NYC — What exactly is that unaccustomed sound erupting all around myself in the dark within the Marquis Theater? Could it be… fun?
Exactly why, yes, those people are honest-to-God squeals plus squalls associated with delight I am hearing, an additional new display has the official starting on Broadway and, lo and see, actually life up to the title of its style: musical humor.
This embraceably funny mixture goes by the particular title associated with “Tootsie, ” which furthermore was the name of its permanently endearing 1982 film resource, starring Dustin Hoffman as being a temperamental actor or actress so eager for a part this individual disguises themselves as a lady to get this. The layer of Erina Dorsey/Dorothy Michaels has been passed on on this occasion towards the sublime Santino Fontana, who seem to not only reaches strut their farcical things, but also performs, amazingly well, within two subscribes.
With a really witty guide by Robert Horn plus an appealing score simply by David Yazbek, a Tony a2z recipient this past year for “The Band’s Go to, ” “Tootsie” is the tuneful winner this particular Broadway period has been eager for. It’s the good-natured, traditionally assured guide musical from the golden-age range, expertly aimed by Scott Ellis, using a clown car’s worth associated with comic stars, filled simply by Reg Rogers, Andy Grotelueschen, Julie Halston, Michael McGrath, Sarah Stiles and Steve Behlmann. Mixed, these are the constituents for an old-style Broadway strike. The question is, may “Tootsie” persuade ticket purchasers that it isn’t really the latest repast from a exhausted recipe?
A sort of movie-to-musical exhaustion has completed over Broadway, occasioned with the creation of just one too many substandard versions associated with celebrated movie comedies. “Pretty Woman, ” “Groundhog Day” and “School of Rock” are just some among the slew associated with prominent attributes that have been reused as lower stage incarnations of their motion picture selves. This remains to be seen immediately whether “Beetlejuice, ” which usually had this kind of inauspicious inauguration last along with Washington, offers fashioned by itself into greater than mere catnip for unsuspicious tourists.
“Tootsie” is already inside a loftier type, and if “Beetlejuice” has not righted itself, after that I’d title this display as the odds-on favorite for your Tony; this year, only “The Prom” offers displayed just as much joy plus vigor. (Of “Hadestown, ” “Be A lot more Chill, ” “Head More than Heels” plus oy — “King Kong” — I had been not a enthusiast. )
Guide writer Car horn has to be anointed the leading man of this cinema-to-stage translation; their script rewrites the story (and the particular jokes) to some degree that will stamps the particular Broadway “Tootsie” as meritorious on its own conditions. Although the “reveal” at the end of the particular show is just not quite the particular coup that will screenwriters Lewis Gelbart plus Don McGuire came up with within Sydney Pollack’s movie, the particular musical consist of regards discovers smart options to the authentic plot.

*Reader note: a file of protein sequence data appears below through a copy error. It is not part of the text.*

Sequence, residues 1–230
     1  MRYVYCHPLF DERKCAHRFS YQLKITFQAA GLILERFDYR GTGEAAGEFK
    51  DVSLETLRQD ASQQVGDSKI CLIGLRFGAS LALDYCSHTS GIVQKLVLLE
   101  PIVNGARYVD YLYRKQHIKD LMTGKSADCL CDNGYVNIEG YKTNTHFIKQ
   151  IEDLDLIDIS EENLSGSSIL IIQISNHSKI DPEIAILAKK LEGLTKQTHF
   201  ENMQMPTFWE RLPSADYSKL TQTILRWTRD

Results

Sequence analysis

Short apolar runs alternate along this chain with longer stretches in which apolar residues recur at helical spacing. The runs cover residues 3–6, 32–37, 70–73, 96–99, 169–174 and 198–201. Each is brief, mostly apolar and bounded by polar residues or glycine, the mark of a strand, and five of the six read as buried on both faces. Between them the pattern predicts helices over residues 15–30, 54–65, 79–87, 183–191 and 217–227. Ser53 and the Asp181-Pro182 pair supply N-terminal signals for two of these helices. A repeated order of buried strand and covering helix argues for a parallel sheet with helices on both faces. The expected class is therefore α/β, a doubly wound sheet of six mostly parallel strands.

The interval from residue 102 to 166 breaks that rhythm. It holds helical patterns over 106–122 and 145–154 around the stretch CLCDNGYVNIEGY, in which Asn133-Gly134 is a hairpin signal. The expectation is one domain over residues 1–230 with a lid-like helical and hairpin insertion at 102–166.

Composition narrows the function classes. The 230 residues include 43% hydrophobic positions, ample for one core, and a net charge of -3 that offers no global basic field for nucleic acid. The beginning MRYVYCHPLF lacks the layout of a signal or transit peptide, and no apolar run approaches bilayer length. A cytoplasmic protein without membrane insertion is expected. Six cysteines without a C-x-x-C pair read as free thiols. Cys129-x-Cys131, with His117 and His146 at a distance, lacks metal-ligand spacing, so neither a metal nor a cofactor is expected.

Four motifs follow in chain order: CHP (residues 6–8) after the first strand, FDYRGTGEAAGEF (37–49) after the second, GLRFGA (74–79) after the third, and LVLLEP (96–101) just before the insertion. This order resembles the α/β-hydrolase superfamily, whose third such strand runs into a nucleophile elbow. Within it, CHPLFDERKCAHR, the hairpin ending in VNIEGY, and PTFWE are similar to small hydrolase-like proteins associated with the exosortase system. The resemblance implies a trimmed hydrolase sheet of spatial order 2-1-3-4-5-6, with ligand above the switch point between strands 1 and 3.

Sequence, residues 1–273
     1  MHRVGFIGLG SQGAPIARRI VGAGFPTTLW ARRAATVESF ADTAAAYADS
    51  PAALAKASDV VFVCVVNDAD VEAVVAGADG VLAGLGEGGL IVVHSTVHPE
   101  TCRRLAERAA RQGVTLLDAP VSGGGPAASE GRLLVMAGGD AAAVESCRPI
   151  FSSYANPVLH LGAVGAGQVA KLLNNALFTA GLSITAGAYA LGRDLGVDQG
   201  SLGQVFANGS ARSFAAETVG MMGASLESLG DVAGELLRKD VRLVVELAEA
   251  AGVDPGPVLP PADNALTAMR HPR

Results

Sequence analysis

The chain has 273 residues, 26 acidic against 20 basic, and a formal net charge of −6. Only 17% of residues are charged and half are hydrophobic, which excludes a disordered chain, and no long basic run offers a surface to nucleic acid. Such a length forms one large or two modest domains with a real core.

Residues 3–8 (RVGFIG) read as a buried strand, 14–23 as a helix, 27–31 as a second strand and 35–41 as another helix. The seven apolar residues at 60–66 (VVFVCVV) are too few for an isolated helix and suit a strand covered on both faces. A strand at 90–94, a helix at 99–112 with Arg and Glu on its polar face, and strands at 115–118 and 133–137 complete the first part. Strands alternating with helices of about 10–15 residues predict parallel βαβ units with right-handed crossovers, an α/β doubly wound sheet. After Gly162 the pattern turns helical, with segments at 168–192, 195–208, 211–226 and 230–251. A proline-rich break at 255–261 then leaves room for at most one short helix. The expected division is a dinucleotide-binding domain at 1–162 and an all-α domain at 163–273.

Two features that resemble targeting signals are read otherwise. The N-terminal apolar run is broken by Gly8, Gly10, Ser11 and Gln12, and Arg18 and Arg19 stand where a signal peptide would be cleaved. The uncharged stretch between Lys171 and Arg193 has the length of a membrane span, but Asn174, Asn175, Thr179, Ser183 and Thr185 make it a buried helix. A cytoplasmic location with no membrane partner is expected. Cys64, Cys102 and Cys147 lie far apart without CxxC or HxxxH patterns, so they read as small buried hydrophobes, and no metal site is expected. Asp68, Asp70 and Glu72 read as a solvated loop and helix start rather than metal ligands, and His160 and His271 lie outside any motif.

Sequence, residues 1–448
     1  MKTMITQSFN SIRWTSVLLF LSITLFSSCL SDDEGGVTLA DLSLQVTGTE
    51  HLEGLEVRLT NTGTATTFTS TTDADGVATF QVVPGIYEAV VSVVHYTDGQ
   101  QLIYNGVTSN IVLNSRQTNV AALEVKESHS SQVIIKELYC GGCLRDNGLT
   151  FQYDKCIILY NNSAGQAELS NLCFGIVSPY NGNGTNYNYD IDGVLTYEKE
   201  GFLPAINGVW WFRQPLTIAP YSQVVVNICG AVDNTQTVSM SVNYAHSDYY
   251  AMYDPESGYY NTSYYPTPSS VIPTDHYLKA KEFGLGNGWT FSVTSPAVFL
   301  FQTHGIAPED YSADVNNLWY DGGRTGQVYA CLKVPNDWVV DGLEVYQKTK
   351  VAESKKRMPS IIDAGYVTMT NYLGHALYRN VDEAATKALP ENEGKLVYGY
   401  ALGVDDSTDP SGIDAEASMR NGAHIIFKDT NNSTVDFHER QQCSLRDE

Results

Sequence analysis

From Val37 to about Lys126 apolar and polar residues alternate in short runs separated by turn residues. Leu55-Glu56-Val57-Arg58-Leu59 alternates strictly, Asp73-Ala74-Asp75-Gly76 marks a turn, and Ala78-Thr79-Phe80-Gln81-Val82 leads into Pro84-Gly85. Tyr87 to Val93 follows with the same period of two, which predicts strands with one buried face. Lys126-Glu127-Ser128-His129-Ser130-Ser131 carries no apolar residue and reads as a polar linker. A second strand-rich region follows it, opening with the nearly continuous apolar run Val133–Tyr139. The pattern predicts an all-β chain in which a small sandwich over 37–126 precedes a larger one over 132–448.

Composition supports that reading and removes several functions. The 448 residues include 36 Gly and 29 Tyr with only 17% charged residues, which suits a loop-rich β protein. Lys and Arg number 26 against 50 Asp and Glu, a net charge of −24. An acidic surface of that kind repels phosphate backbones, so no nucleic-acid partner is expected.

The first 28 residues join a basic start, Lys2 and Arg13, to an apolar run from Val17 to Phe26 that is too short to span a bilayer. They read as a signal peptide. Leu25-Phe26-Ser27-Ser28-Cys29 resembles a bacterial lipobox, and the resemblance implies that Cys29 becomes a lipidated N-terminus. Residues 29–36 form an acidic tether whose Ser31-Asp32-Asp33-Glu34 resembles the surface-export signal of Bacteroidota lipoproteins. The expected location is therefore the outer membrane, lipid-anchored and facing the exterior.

Right now, it’s not the soap safari, but the Broadway music, that Dorothy infiltrates. Plus although many from the characters is going to be recognizable towards the film’s supporters, a few have got undergone significant makeovers: Your aging actor-roué pictured in the film by George Gaynes is currently a dimwitted young actor-stud, amusingly put by Behlmann. And Jules (Lilli Cooper), the object associated with Michael’s devotion, no longer includes a father (portrayed in the movie by the past due great Charles Durning) who have falls for use with Dorothy.
Yazbek’s score for the Israel-set “The Band’s Visit” was so redolent of the center East that the music for “Tootsie” was bound to feel lacking in some comparably intense flavor. On first listen, you hear some of the musical motifs that animate this multifaceted composer-lyricist, and in certain vital ways, he has found rhythms to complement the characters’ personalities and neuroses. That is most apparent in the recurring “What’s Gonna Happen” for Stiles’s Sandy (Teri Garr in the movie), a list song that spills out of her as though her calorie burning were fueled by natural amphetamines.
Cooper, following in the footsteps of Jessica Lange, gets the assignment of appearing both vulnerable and self-reliant; that is 2019, in the end. And in a concession to modern-day sensibilities, Grotelueschen’s Jeff, Michael’s roommate (played by Bill Murray in the movie), now takes note of the political incorrectness of “Dorothy” stealing a job from the woman. Grotelueschen makes for a winningly cynical Jeff, and there are other perfectly constructed comic turns from McGrath as Michael’s exasperated agent; Halston while the musical-within-a-musical’s brassy producer; and Rogers, playing the tale’s reptilian director as an even more self-dramatizing version of the type Dabney Coleman inhabited on-screen.
The production’s best design element is Dorothy herself. Fontana happens to look great in the dresses William Ivey Long has dreamed up for him. The actor segues from masculine to feminine and again with an effortlessness Hoffman had not been built for, so the jokes in the movie relating to this obvious deficiency are not as necessary onstage. The nice thing about “Tootsie” is that despite all the spoofing, there’s an acknowledgment here of a few of the actual indignities women endure, and an affection for the civilizing spirit a lady can confer on the entire world.
Tootsie, music and lyrics by David Yazbek, book by Robert Horn. Directed by Scott Ellis. Choreography, Denis Jones; music direction, Andrea Grody; sets, David Rockwell; lighting, Donald Holder; sound, Brian Ronan; wigs, Paul Huntley; makeup, Angelina Avallone. About 2½ hours. $79-$339. At Marquis Theatre, 210 W. 46th St., Ny. ticketmaster. com.
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